Kill the Silence author, Monika Kørra had traveled from her home in Norway to Southern Methodist University in Dallas, determined to acclimate to life in the States and excited for the opportunity of a full scholarship to do what she loved. As an athlete and Olympic hopeful, Monika was used to overcoming adversity, using obstacles like stepping stones to achieve her goals. Little did she know that the unflappable spirit that made her an Olympic hopeful, would ultimately assist her in overcoming the greatest challenge of her life. One evening in 2009, college sophomore and track star, Monika Kørra was kidnapped and sexually assaulted at gun point by three men. Within hours of being released, Monika resolved that she would not be a victim – she was going to be a survivor. In a Q&A session with Books for Better Living, Monika Kørra explains how she rose above the fear and shame to finally recover from the struggles of adversity:
How did you begin to change your mindset?
The very first step was the decision I made, in the police car, on the way to the hospital that night. I made the decision right away to never let what happened to me destroy me. I survived, I had just been given my life back as a present, and I was going to fight until I would find my way back to a normal, happy life. I reminded myself of this decision every day in the months that followed. Then, I had to figure out the specific steps I needed to take in order to stay true to this decision. My solution was to be open and to ask for help, to hold on to my passion for running and to allow it to remind me who I am and who I want to be, and to eventually forgive and let go.
Where does your strength come from?
I would say my strength came from many different places. First, when we have no choice, I believe we can all find strength within ourselves. What I found was love and trust within my heart. Plus, all the wonderful people in my life confirmed to me that I wasn’t alone in my recovery and they continuously gave me strength to fight through those challenging days. I also think that all the lessons I had learned as an athlete helped me a lot. And faith was a big part of my recovery….all along, I believed and felt that I survived that night for a reason, that I was spared to help others.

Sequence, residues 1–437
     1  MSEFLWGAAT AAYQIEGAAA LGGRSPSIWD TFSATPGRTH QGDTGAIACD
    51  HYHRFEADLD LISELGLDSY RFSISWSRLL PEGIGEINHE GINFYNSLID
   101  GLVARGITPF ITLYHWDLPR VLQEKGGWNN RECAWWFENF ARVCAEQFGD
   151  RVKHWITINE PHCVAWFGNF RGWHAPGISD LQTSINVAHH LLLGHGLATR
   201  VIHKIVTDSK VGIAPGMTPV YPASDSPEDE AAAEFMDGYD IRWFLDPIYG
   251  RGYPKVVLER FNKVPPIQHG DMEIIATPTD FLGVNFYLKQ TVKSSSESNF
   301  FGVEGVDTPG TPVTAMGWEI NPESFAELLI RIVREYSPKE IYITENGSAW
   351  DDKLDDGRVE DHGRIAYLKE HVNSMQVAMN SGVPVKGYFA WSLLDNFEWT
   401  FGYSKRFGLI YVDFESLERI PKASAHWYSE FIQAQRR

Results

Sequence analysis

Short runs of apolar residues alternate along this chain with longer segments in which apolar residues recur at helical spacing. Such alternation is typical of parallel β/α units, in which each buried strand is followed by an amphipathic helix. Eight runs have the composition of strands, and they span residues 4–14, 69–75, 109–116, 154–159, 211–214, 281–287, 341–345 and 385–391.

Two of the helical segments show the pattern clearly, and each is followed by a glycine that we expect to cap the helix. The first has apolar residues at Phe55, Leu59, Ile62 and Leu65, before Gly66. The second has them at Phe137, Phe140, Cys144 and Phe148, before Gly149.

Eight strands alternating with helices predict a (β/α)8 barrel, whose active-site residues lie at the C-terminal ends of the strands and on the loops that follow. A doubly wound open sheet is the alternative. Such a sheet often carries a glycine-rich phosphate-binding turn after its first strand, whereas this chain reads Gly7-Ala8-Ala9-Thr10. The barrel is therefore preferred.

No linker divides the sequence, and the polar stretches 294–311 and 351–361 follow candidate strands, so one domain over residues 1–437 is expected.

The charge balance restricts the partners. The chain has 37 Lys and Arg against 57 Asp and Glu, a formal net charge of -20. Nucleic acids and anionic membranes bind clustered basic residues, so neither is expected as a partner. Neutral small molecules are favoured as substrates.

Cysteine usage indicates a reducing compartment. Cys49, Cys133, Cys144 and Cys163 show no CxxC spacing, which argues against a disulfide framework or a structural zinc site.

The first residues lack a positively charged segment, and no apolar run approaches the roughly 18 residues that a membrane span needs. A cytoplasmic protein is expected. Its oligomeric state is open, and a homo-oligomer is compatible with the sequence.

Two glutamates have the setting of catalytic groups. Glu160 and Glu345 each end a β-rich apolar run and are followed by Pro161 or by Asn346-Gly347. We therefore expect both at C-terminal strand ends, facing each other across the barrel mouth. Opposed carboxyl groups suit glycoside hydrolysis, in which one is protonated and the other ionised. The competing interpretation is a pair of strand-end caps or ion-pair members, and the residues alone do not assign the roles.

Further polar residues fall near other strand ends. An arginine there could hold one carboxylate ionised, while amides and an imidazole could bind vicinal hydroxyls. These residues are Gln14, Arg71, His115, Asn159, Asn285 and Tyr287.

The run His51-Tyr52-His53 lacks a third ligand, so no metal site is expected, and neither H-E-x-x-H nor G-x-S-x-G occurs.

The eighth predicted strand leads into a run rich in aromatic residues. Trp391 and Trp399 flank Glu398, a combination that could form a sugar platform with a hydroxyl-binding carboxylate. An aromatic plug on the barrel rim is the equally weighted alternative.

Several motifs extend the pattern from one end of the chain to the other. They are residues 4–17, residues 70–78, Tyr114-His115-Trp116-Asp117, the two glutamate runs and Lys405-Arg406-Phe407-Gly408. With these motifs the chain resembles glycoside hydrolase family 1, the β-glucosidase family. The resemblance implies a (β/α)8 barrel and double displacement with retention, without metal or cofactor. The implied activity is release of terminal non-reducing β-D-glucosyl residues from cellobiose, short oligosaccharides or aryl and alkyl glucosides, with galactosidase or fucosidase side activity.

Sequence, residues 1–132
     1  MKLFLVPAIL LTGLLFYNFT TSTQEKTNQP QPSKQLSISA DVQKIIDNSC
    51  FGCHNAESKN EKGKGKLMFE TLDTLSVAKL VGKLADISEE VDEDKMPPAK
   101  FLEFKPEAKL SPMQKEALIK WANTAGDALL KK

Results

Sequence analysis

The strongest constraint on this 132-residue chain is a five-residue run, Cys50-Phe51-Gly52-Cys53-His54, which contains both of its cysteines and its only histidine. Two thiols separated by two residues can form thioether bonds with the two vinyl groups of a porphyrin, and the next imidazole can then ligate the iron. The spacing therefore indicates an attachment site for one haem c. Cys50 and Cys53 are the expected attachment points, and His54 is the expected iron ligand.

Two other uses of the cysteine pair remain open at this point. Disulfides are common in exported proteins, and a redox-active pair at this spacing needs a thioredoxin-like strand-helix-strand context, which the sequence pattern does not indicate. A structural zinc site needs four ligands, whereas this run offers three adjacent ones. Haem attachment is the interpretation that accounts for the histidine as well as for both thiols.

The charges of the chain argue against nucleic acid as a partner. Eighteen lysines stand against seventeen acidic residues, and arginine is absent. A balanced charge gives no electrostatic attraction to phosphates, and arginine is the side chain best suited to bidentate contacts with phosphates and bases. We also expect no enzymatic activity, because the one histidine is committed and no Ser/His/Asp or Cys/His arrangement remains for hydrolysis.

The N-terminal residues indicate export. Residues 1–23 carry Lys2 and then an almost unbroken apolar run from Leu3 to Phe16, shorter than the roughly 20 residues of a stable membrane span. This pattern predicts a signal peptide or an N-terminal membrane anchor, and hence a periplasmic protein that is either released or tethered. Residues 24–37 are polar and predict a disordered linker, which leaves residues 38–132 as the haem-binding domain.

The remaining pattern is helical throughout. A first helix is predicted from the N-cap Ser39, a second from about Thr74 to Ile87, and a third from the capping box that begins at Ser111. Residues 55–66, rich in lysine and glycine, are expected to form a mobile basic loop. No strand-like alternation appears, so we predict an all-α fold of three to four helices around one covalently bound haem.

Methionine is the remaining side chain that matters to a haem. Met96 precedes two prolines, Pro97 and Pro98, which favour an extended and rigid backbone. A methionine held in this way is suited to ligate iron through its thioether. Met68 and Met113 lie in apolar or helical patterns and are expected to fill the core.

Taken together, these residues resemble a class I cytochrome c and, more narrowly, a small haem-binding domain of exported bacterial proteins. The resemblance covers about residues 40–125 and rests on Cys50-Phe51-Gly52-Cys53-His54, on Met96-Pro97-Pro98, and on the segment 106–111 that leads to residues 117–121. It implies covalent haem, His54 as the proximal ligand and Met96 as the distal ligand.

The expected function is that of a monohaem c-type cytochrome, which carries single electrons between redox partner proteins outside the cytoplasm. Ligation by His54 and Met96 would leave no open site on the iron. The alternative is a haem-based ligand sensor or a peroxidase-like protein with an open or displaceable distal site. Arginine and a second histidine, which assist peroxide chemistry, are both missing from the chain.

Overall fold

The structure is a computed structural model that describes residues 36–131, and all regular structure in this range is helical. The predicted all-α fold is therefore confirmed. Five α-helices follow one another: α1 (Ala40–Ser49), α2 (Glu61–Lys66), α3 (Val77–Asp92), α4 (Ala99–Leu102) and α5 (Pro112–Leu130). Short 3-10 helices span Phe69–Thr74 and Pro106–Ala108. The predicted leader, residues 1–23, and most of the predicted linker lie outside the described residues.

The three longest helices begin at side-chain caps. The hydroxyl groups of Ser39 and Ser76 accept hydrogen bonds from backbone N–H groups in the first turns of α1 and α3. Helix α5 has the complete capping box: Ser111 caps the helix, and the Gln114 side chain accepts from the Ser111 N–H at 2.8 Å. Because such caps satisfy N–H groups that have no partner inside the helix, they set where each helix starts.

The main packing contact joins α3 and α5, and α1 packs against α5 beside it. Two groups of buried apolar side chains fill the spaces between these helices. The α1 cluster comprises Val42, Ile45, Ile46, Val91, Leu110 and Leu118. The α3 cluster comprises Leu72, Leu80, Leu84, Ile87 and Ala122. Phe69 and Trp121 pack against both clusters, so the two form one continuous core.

How did you learn to trust again?
I am so thankful that I never had any trust issues with the people in my life. I was in a good relationship at the time, which helped me a lot. Trusting strangers, on the other hand, took time. I was in shock, and I didn’t think clearly for a long time. Many times, I was scared that I was losing my mind and that I would be scared for the rest of my life. I learned that sometimes we just need to trust that time will do us good. Little by little, I felt like I was returning to a normal life. Taking baby steps was the key, as well as not pushing myself into situations that scared me. Our brains need time to recover after stress, just like our bodies do. My advice is: Lean on those you trust and are close to, and give yourself time to heal – mentally and physically.
What is the most surprising thing you learned about yourself?
How hard it is for me to allow myself to be vulnerable and to ask for help, but how much stronger I feel when I do. This was a process for me, a process that I’ve learned a lot from and that now gives me a kind of strength I’ve never felt before.
About the Author Monika Kørra is a native of Løten, Norway. She graduated in 2012 with a Bachelor of Science from Southern Methodist University, where she was also on the championship cross-country team. She is a certified advocate for rape victims through Dallas Area Rape Crisis Center’s volunteer training program, and was the keynote speaker at the 8th annual Conference on Crimes Against Women. As the founder and CEO of the Monika Kørra Foundation, she has spoken about her experiences before audiences at universities, military installations, domestic abuse conferences, and more. Learn more at MonikaKorra.org.